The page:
Most states in the South have been silent on the issue of language diversity—until now. A Mississippi group called the Magnolia State Heritage Campaign is lobbying to put a “Confederate Heritage Amendment” on the presidential election ballot in 2016. If approved, the proposed ballot text will read: “Should the Constitution be amended to restrict or define Mississippi’s heritage, religion, official language, symbols, universities, and state boundaries?” If voters answer “yes,” twelve provisions will be added to the state constitution, including defining Mississippi’s identity “as a principally Christian and quintessentially Southern state,” naming April as “Confederate Heritage Month,” and allowing the Confederate battle flag to be displayed on the state capitol grounds. The measure declares, “English shall be the official language of the State of Mississippi. All governmental or public non-emergency or non-judicial services, functions, or communications in Mississippi shall be rendered in the English language only, except for specific foreign language instruction in public schools.” Former state representative Mark Duvall urges Mississippians to “embrace and preserve our Heritage as the cornerstone for future generations to build upon. Our faith, our flag, our song and our mascots, in essence, identify who we are as Mississippians.” The Heritage campaign website offers this rationale for the language restriction: “Besides saving some money, an added plus for all city, county, and state telephone lines will be: No more pressing ‘1’ for English.” This glib remark ignores the consequences for the nearly 120,000 Mississippians who speak another language at home, according to the U.S. Census Bureau. As the ACLU of Mississippi explains in a statement opposing the initiative, “Discrimination against language minorities and restrictions on communication in languages other than English implicate our most basic rights of equal protection, free speech, and due process. A declaration of English as the official language is inconsistent with the spirit of tolerance and diversity embodied in the federal Constitution.” They also remind voters that “Ballot Initiative 46 wants to assert ‘heritage, culture and traditions’ that are steeped in historical discrimination based on race.” In trying to define its heritage, Mississippi (and states across the South) must choose: what should we hold on to? What should we let go?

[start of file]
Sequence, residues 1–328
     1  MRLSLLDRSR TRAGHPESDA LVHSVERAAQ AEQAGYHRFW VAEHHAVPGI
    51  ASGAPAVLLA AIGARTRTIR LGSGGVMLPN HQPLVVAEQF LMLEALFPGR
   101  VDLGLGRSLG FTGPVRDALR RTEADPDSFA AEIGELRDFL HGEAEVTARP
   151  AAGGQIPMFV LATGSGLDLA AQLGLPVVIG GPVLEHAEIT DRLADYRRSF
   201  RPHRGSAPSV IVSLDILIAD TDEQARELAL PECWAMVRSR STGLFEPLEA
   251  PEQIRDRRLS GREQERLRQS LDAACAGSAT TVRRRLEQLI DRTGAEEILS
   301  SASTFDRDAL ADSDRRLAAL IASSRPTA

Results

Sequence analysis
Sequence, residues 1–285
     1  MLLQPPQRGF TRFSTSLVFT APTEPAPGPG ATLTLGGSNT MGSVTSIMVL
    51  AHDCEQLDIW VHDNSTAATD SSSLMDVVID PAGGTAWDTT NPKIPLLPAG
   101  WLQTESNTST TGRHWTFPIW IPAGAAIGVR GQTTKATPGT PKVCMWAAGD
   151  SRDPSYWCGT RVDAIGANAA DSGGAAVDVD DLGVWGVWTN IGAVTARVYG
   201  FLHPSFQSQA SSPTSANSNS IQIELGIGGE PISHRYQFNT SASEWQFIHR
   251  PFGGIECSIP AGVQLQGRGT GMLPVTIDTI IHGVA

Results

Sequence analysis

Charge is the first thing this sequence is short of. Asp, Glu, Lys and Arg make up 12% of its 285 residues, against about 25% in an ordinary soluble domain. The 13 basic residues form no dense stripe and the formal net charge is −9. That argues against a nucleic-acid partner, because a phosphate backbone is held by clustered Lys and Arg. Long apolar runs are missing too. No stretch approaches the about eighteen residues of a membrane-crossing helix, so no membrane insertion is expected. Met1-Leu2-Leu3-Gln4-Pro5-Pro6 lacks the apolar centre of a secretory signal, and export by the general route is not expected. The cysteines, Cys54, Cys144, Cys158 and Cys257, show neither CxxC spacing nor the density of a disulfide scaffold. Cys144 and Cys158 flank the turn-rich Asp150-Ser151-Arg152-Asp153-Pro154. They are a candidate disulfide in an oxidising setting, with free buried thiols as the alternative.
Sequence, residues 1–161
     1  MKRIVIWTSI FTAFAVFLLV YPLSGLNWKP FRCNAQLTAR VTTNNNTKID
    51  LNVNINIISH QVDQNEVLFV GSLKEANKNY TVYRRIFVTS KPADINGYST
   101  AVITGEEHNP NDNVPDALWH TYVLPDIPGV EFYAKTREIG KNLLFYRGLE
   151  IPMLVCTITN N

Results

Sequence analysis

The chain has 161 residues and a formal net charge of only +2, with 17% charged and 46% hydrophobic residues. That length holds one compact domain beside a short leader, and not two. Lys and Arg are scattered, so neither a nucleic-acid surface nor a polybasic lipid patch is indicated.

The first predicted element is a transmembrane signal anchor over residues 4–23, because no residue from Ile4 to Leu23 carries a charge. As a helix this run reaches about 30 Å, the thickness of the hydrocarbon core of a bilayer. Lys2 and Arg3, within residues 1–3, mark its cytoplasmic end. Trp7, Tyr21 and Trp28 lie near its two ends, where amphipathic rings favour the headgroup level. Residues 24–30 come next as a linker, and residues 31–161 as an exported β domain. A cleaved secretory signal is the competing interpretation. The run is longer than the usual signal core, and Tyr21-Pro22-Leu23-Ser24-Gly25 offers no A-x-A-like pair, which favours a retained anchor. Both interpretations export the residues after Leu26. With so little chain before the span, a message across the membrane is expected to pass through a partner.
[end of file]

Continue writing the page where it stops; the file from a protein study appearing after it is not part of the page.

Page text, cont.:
The online magazine Rethinking Schools reports that “since 1980, the number of language-minority Americans has increased at more than four times the rate of overall population growth.” Yet “only a minority of limited English proficient students are currently enrolled in bilingual education programs taught by a certified teacher who speaks their native language.” There are signs, though, that the tides are turning in favor of language diversity. In California, Ricardo Lara has proposed a ballot initiative for 2016 calling for the repeal of Proposition 227 and the return of bilingual education. Dual language immersion programs, which teach students from different language backgrounds to be fluent and literate in two languages, are gaining more traction in U.S. school districts. California has even spearheaded a state Seal of Biliteracy, an award that recognizes “students who have studied and attained proficiency in two or more languages by high school graduation.” Seven other states have since established the award. According to the Seal of Biliteracy website, the award’s purpose is “to certify attainment of biliteracy skills,” “to strengthen intergroup relationships and honor the multiple cultures and languages in a community,” and “to recognize the value of language diversity.” Six states are in the process of considering whether to adopt the Seal of Biliteracy, and seven more are in the “early stages.” For states that are caught in the false dilemma of heritage—whether to preserve diversity or unity—this vision of unity through the celebration of diversity should be a guiding beacon. So far, Texas and Louisiana are the only Southern states to consider or approve the Seal of Biliteracy. I’ll be watching closely to see whether my home state of Tennessee chooses to follow. Centuries from now, I hope that American heritage has held on to language diversity as a national resource. The fear, intolerance, and discrimination—it’s time to let them go.